What is Syphilis?
The term syphilis refers to a sexually transmitted disease caused by a bacterium called Treponema pallidum. Syphilis has often been nicknamed the “great imitator” because of its many symptoms that resemble those of other diseases. Syphilis can have serious complications if left untreated, however, with prompt diagnosis and the right treatment, it is easily cured.
Based on findings from the Centers for Disease Control and Prevention, cases of syphilis have been increasingly on the rise since 2000, with women and men who have sex with other men (MSM) accounting for the most of these cases. There were approximately 63,450 new cases of syphilis reported in 2014, 83% of which were among males in which the sex of their sex partner was known.
How is Syphilis transmitted?
Transmission of syphilis from one person to another usually occurs through direct contact with a syphilis sore through vaginal, anal or oral sex. Location of syphilis sores is usually on the vagina, penis, and anus, in the rectum or on the lips and in the mouth. Transmission can also occur from a pregnant mother to her unborn child; a case referred to as congenital syphilis. Congenital syphilis can cause serious complications to a baby before and after childbirth, which include miscarriage, still birth, deafness, seizures, cataracts, low weight, and other abnormalities.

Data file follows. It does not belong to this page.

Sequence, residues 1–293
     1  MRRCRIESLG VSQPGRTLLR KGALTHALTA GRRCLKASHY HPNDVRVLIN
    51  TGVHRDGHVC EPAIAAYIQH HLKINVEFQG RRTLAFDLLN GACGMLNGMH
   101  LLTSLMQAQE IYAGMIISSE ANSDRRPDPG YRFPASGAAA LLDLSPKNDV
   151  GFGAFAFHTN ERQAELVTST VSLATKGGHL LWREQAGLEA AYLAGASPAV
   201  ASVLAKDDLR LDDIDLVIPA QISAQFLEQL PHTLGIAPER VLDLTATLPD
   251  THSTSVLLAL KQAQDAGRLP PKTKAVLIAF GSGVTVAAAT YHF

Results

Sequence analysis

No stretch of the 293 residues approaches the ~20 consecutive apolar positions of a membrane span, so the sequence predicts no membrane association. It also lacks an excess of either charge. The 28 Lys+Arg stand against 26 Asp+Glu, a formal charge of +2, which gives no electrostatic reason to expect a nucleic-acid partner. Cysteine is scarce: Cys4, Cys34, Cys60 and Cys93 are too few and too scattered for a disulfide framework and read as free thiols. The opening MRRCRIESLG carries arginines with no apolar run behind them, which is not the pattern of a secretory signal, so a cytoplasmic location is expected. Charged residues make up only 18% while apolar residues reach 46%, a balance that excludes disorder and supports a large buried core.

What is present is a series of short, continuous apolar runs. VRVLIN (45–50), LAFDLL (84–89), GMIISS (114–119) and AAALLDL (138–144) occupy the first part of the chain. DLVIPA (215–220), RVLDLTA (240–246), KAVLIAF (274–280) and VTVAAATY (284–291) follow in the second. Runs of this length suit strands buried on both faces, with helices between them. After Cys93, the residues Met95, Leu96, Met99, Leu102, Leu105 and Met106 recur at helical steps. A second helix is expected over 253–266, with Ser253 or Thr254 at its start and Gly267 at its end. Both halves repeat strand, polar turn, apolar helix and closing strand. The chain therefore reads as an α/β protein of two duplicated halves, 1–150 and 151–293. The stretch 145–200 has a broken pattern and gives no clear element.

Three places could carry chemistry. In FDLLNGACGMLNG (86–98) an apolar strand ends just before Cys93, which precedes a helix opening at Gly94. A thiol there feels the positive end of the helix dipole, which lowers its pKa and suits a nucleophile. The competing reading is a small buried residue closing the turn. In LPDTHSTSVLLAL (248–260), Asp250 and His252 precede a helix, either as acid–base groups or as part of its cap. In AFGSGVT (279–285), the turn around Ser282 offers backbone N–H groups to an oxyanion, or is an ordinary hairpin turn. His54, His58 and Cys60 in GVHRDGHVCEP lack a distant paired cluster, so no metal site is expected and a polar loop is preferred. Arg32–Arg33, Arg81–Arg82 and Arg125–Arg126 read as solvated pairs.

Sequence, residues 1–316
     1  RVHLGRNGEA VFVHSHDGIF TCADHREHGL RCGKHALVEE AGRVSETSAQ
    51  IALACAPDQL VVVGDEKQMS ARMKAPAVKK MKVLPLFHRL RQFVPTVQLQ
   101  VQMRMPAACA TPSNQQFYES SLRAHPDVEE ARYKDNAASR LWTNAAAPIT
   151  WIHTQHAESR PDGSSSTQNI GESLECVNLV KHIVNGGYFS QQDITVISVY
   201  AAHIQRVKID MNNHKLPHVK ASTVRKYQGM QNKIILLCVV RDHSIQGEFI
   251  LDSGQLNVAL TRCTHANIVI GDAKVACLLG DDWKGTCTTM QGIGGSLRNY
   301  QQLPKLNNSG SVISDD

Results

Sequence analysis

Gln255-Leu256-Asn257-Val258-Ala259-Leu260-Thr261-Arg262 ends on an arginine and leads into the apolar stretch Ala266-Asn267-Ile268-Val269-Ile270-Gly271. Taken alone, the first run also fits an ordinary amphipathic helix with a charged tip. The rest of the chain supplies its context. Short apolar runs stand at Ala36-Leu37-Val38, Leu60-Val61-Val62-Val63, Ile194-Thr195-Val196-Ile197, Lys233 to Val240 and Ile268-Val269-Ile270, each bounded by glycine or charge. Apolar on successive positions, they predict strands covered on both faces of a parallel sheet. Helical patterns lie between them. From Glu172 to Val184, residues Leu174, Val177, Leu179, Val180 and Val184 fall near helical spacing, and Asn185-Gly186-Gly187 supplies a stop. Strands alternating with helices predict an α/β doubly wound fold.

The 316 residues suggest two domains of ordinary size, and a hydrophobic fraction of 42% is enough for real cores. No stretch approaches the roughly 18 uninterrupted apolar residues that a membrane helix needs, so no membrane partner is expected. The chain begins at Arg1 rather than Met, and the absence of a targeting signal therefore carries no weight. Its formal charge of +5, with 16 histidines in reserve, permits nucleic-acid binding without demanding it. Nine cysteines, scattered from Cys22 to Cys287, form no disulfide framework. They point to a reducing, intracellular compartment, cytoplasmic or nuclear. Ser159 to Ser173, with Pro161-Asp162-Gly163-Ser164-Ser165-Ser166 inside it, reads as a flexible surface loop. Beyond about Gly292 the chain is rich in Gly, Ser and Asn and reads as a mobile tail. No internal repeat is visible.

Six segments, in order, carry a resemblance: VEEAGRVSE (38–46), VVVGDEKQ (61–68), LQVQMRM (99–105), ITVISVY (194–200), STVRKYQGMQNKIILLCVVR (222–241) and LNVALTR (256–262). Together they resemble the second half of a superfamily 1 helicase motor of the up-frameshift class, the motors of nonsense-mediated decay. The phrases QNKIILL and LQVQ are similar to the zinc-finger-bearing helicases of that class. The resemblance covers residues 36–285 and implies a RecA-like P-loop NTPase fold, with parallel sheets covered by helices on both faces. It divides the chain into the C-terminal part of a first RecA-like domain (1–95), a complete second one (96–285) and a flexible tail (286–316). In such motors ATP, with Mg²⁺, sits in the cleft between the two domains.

Syphilis is most infectious during the first two stages (primary and secondary stages). However, treatment during these early stages is easily administered through antibiotics. However, if left untreated, it can progress to later stages of infection and cause serious health problems such as organ failure, brain, and cardiovascular damage, and increase susceptibility to other STDs such as HIV.